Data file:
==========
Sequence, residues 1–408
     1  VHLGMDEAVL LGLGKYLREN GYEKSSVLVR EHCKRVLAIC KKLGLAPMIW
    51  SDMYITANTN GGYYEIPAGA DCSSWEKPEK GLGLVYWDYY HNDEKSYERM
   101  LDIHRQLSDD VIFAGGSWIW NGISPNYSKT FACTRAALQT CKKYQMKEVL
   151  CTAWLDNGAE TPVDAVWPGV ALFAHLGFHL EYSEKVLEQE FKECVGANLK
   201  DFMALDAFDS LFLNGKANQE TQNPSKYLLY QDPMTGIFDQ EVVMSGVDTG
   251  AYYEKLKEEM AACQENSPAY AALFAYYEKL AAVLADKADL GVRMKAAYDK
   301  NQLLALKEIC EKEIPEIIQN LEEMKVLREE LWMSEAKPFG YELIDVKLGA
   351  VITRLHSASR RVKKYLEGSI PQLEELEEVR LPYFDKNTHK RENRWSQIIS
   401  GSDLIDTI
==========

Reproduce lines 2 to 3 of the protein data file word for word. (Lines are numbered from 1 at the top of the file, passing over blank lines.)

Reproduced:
     1  VHLGMDEAVL LGLGKYLREN GYEKSSVLVR EHCKRVLAIC KKLGLAPMIW
    51  SDMYITANTN GGYYEIPAGA DCSSWEKPEK GLGLVYWDYY HNDEKSYERM